We won’t police ourselves, so…..
Hat tip to SM for sending this in:Link to Article
Jerry Del Mauro hoped to score a $1.4 million sale last month when he staged an open house near the water in Huntington Beach.
Instead of a sale, the Re/Max agent got a $2,750 fine for putting out too many open house signs.
Del Mauro said he had no choice. The house sat on an island at the end of a semi-desolate street almost 2 miles from the nearest traffic light. To guide buyers to his open house, he put out some 18 signs — 11 more than the city typically allows.
A city code enforcement officer spotted the signs and issued a citation, fining him $250 per “excessive” sign.
“These open house sign laws are getting out of control,” said one of the 140 comments on Del Mauro’s Facebook post following the citation.
City officials are “Nazi Sign Police,” another commenter said, and a third called the citation “a Communist joke.”
The case is one of the more extreme examples of ongoing tensions between real estate agents and city officials throughout the region – and across the country.
On the other side of the controversy are city employees who have been inundated with citizen complaints about the virtual forests of open house signs sprouting up on corners, median strips and curbside over the past three years, fueled by a frenzied housing market.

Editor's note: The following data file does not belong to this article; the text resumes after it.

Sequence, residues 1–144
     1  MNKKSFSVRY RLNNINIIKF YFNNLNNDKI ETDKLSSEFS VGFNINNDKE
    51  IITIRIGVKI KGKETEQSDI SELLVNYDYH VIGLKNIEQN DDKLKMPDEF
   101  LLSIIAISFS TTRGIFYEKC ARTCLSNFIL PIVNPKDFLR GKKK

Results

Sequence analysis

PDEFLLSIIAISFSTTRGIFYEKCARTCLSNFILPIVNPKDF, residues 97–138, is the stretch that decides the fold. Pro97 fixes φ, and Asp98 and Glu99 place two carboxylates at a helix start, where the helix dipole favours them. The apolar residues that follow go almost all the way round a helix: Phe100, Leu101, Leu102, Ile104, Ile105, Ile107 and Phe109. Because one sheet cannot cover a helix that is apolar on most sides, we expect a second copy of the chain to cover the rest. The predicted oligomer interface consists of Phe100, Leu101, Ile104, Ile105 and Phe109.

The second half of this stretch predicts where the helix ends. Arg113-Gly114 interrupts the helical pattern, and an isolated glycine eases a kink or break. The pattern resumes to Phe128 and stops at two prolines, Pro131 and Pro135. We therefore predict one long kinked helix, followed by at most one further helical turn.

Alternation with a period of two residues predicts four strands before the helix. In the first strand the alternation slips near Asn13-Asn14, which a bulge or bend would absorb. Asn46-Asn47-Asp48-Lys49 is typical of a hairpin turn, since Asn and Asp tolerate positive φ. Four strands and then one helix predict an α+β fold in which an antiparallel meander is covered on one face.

“We have received pushback from residents,” Huntington Beach code enforcement Supervisor Rich Massi said in an email. “A few Realtors … started to blanket the city with open house signs at various locations, which created a nuisance and blight.”
Massi said several other agents also have been cited for violating city sign policies, with fines ranging from $250 to $3,000.
Similar tensions have cropped up in cities throughout the region, and across the country.
“We are being bombarded, and Realtors aren’t taking their signs down,” said Lula Davis-Holmes, a Carson councilwoman for 11 years. “It became an eyesore. And it became a public safety issue.”
In February, a Tulsa, Okla., city councilman called all temporary signs — including open house placards — “litter on a stick” and sought to have them banned on public rights of way, the Tulsa World reported.
Davis-Holmes called open house signs antiquated in the internet age, questioning why agents even bother to hold open houses.
“My impression from real estate agents is those signs attract more lookie-loos than actual buyers,” she said.
But Kissinger, the South Bay Realtor official, said they may be antiquated, but signs remain the most effective way to draw buyers to an open house.